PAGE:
Europe

Irish banking inquiry concludes watchdog and Central Bank 'failed to protect State'

Irish Central Bank
Image caption The Irish Central Bank (above) and the regulator had sufficient powers to intervene in the banking sector to protect the financial stability of the State, but neither intervened decisively, the inquiry concluded

The Irish Financial Regulator and Irish Central Bank both failed to intervene decisively to protect the state in the banking crisis, an inquiry has found.

The conclusion was made by an Irish parliamentary committee, which examined the causes of the Republic of Ireland's 2008 banking crisis and economic crash.

It said the Central Bank and regulator had sufficient power to intervene in the banking sector but did not use it.

The bank bailout cost Irish taxpayers an estimated 40bn euros (£30bn).

Excessive lending

This figure is lower than the original estimate at the time of the crash, when the cost was thought to be 64bn euros (£48bn).

Irish banks got into financial trouble because they lent excessively to property developers before the financial crash.

Q&A: Irish Banking Inquiry

In its final report, leaked to Irish state broadcaster RTÉ, the committee said the financial regulator also failed to identify the systemic risks building up in the banking sector.

Both the Financial Regulator and the Central Bank have been criticised in previous reports.

The final report, which is to be officially published next Wednesday, says the regulator did not take enforcement action between 2000 and 2008 against the banks, even when breaches were found.

It said and there were no consequences for banks that breached sectoral limits.

State institutions subscribed to the soft landing theory - that the Republic of Ireland's booming economy would not crash but see rates of growth gradually slowing - but there was no evidence that the theory was ever robustly tested or validated.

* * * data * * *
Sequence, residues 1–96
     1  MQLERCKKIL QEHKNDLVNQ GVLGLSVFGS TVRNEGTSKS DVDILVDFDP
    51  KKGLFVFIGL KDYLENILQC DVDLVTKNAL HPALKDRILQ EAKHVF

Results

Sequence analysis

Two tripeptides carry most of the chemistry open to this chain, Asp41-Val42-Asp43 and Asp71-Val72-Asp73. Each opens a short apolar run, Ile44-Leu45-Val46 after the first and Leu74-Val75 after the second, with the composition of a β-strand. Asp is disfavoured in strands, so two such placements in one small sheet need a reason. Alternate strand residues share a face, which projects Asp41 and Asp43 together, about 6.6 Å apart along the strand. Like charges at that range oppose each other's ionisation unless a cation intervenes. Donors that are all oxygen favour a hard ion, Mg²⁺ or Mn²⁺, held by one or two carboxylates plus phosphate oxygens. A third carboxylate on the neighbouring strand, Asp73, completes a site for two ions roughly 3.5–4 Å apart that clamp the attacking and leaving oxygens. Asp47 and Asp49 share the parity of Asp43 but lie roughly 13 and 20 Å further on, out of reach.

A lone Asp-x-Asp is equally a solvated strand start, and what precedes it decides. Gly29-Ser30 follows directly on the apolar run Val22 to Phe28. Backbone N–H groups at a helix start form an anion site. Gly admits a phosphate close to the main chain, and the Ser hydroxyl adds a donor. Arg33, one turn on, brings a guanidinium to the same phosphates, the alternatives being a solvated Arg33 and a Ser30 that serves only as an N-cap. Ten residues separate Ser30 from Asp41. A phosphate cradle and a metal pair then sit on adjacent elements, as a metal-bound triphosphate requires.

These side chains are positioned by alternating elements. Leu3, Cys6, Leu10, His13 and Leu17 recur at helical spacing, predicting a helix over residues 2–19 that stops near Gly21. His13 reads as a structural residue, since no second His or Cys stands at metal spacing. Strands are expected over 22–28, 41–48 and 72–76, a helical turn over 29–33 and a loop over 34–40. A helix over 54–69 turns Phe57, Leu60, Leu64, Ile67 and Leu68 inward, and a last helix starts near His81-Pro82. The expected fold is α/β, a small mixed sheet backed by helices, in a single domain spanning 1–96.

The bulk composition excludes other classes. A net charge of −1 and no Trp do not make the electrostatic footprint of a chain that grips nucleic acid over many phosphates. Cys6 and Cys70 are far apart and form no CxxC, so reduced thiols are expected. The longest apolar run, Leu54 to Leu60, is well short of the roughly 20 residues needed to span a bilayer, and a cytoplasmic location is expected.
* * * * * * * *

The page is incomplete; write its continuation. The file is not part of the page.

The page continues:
'Far from prudent'

The European Central Bank (ECB) position on burden sharing between the state and private bondholders in both November 2010 and March 2011 contributed to the inappropriate placing of bank debts onto the Irish people.

In March 2011, the then ECB president, Jean-Claude Trichet, reportedly told Minister for Finance Michael Noonan that "a bomb would go off in Dublin" for the financial services industry in Ireland if burden sharing took place.

The ECB reportedly warned the Irish authorities against "burning" bondholders, saying they had to get their money back.

The report says that had Mr Noonan proceeded with his burden sharing plan, the National Treasury Management Agency estimated that 9bn euros (£6.8bn) could have been saved.

On the banks, the inquiry says institutions moved very far from prudent lending practices in relation to property developers, even entering joint ventures in some cases.

The report comes weeks before an expected general election in the Republic of Ireland.

Under the banking inquiry's terms of reference, it could not make findings of fact against individual politicians.

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